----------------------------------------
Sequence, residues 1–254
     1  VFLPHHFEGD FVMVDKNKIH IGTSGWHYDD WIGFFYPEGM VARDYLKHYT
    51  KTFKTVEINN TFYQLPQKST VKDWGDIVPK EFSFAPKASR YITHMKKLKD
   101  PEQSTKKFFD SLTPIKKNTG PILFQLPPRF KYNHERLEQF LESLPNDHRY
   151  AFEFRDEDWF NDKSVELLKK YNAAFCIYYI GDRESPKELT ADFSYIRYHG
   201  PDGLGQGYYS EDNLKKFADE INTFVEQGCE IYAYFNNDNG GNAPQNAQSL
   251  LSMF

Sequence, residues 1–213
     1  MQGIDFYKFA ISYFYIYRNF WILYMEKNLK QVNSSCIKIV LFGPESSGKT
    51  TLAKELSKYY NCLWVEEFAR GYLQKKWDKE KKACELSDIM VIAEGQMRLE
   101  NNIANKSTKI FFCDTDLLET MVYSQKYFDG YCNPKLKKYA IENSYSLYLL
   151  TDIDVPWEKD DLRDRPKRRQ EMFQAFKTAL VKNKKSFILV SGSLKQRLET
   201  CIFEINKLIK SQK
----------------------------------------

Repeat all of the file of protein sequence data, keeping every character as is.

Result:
Sequence, residues 1–254
     1  VFLPHHFEGD FVMVDKNKIH IGTSGWHYDD WIGFFYPEGM VARDYLKHYT
    51  KTFKTVEINN TFYQLPQKST VKDWGDIVPK EFSFAPKASR YITHMKKLKD
   101  PEQSTKKFFD SLTPIKKNTG PILFQLPPRF KYNHERLEQF LESLPNDHRY
   151  AFEFRDEDWF NDKSVELLKK YNAAFCIYYI GDRESPKELT ADFSYIRYHG
   201  PDGLGQGYYS EDNLKKFADE INTFVEQGCE IYAYFNNDNG GNAPQNAQSL
   251  LSMF

Sequence, residues 1–213
     1  MQGIDFYKFA ISYFYIYRNF WILYMEKNLK QVNSSCIKIV LFGPESSGKT
    51  TLAKELSKYY NCLWVEEFAR GYLQKKWDKE KKACELSDIM VIAEGQMRLE
   101  NNIANKSTKI FFCDTDLLET MVYSQKYFDG YCNPKLKKYA IENSYSLYLL
   151  TDIDVPWEKD DLRDRPKRRQ EMFQAFKTAL VKNKKSFILV SGSLKQRLET
   201  CIFEINKLIK SQK